Monday, February 9, 2009

"Oh, I'm sorry. Did we get our movement in your status quo?"

And that's not all Nicola Karras has to say to Sam Tanenhaus:
American conservatism has always been counterrevolutionary conservatism, whatever Russell Kirk says. Even more than that, it's always been a youth counterrevolutionary conservatism. It was born at the 1960 Republican Convention among the "young fogies" who swarmed the halls with their blue and gold balloons. National Review reported, "They greeted Richard Nixon at the airport with Goldwater signs, and did the same thing for President Eisenhower the next day. They drove one Nixon aide into muttering in exasperation: 'Those damn Goldwater people are everywhere.'"
Tanenhaus and his critics both complain that no one reads Burke and Nisbet anymore ("conservatism AND intellectually bankrupt": 91,400 hits), but it's worth asking whether there was ever a Golden Age when people did. My guess is that there never was, but we can point to a time when at least one segment of the conservative movement was reliably well-read: the young people. Used to be that ISI handed out so many free paperbacks people thought the "S" was for samizdat! My own experience was a throwback in this regard—as Dan McCarthy has pointed out, things have been going downhill since the day activists started outnumbering intellectuals on the campuses.

The lesson of Youth for Goldwater is that the hormonal radicalism of youth can be harnessed for good, even by reactionaries, but only if the twenty-somethings have the intellectual chops to play Principle to age's Pragmatism (and as long as they can avoid the trap of Hessian defection). With the current crop of young conservatives, one gets the impression they'd have been happy to settle for Rockefeller. O tempora, et cetera!

And the boat is leaking fore and aft: the young conservatives ain't intellectual, and the young intellectuals ain't conservative. I'm with Stacy McCain in being worried that so few of conservatism's Young Turks oppose gay marriage:
Now, if you talk to these bright young fellows—and I find excuses to talk to them as often as possible—one of the things you learn is how many of them are either (a) in favor of gay marriage as a matter of social justice, or (b) defeatist in conceding that the legal recognition of gay marriage is a political inevitability, even though they personally oppose it.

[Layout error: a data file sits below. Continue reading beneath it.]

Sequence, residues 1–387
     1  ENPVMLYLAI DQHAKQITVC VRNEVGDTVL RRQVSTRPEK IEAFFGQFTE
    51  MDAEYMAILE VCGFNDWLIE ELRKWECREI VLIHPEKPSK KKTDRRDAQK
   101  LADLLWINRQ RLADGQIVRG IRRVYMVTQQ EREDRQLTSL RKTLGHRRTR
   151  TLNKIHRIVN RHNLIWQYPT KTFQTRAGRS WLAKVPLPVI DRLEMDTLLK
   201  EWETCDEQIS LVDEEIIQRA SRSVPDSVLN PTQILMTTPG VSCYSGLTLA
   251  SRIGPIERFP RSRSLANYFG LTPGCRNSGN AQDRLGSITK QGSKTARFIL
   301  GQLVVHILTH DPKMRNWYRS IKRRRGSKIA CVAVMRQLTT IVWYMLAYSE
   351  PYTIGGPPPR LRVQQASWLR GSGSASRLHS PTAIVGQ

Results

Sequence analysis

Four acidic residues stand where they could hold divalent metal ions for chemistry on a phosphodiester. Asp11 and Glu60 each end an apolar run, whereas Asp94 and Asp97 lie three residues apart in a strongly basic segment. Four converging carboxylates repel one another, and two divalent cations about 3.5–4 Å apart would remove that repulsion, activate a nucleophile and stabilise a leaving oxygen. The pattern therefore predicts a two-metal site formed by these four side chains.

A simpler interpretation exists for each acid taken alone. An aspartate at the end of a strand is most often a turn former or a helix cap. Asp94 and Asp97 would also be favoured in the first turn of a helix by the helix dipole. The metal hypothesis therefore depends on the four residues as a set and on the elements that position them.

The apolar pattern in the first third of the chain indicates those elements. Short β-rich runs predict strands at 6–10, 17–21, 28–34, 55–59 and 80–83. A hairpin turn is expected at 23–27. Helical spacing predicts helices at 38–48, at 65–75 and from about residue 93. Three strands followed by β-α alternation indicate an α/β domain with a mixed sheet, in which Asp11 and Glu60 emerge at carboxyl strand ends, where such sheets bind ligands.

And I would add my suspicion that support for same-sex marriage has become a mark, not only of defeatism, but of self-conscious tokenism among young conservatives. Being publicly pro-SSM is the quickest way for a young journalist to signal that he's one of the right-wingers it's okay to like. Haven't they heard that it's better to be feared than loved? Or, to put it less glibly, the real respectability of a solid argument is preferable to the worthless respectability one gets by being on the Harmless Right.

The conservative movement used to be able to count on its twentysomethings to have whole passages from Burke's Reflections committed to memory ("It is now sixteen or seventeen years since I saw the queen of France, then the dauphiness . . ."), on the assumption that these well-read young men would one day grow up, and grow up to matter. If Tanenhaus wants to kickstart an intellectual conservatism for the twenty-first century, he should remember that old ways are not seldom the best. He should also stand warned that these tweed-clad library rats are likely to be intensely ideological.

First one to say "heartless" can jump in a lake.

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